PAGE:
Image_2_Targeted Depletion of Primary Cilia in Dopaminoceptive Neurons in a Preclinical Mouse Model of Huntington’s Disease.TIFF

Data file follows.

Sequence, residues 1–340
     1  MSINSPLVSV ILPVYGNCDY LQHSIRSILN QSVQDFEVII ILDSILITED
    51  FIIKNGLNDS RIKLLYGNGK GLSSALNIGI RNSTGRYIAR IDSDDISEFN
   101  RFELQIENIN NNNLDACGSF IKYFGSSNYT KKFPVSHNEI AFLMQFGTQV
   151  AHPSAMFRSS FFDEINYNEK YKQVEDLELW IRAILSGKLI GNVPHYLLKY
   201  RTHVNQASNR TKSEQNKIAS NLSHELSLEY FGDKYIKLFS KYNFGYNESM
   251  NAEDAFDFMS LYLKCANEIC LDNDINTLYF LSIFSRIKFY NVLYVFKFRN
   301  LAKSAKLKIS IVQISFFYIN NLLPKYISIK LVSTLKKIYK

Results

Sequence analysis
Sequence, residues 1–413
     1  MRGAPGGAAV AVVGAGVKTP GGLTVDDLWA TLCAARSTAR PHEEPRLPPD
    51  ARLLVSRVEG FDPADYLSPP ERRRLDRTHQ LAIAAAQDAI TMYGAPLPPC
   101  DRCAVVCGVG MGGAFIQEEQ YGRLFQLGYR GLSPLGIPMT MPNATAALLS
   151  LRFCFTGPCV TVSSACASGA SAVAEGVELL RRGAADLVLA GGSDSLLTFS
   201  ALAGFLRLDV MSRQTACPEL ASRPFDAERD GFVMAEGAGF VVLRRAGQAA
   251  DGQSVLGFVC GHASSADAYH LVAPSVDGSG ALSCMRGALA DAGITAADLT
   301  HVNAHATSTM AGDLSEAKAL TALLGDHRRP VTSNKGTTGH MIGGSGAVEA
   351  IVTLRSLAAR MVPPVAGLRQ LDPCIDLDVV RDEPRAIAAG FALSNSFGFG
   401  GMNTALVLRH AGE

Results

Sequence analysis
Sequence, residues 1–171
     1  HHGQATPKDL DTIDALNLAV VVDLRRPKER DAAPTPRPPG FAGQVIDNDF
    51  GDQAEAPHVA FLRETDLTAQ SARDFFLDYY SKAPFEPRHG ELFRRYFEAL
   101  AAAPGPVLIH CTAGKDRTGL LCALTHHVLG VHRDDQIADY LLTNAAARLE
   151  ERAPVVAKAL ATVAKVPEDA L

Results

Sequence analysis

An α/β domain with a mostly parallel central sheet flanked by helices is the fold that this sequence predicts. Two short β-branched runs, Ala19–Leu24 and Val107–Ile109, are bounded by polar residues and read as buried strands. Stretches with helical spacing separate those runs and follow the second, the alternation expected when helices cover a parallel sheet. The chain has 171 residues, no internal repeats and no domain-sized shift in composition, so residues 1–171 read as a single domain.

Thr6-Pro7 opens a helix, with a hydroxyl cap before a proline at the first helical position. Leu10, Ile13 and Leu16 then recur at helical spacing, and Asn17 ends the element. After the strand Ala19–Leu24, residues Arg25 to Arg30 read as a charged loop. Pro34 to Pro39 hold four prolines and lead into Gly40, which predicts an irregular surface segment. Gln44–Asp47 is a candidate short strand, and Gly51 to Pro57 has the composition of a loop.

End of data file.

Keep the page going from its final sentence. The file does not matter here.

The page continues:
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Multiple pathomechanisms triggered by mutant Huntingtin (mHTT) underlie progressive degeneration of dopaminoceptive striatal neurons in Huntington’s disease (HD). The primary cilium is a membrane compartment that functions as a hub for various pathways that are dysregulated in HD, for example, dopamine (DA) receptor transmission and the mechanistic target of rapamycin (mTOR) pathway. The roles of primary cilia (PC) for the maintenance of striatal neurons and in HD progression remain unknown. Here, we investigated PC defects in vulnerable striatal neurons in a progressive model of HD, the mHTT-expressing knock-in zQ175 mice. We found that PC length is affected in striatal but not in cortical neurons, in association with the accumulation of mHTT. To explore the role of PC, we generated conditional mutant mice lacking IFT88, a component of the anterograde intraflagellar transport-B complex lacking PC in dopaminoceptive neurons. This mutation preserved the expression of the dopamine 1 receptor (D1R), and the survival of striatal neurons, but resulted in a mild increase of DA metabolites in the striatum, suggesting an imbalance of ciliary DA receptor transmission. Conditional loss of PC in zQ175 mice did not trigger astrogliosis, however, mTOR signaling was more active and resulted in a more pronounced accumulation of nuclear inclusions containing mHTT. Further studies will be required of aged mice to determine the role of aberrant ciliary function in more advanced stages of HD.
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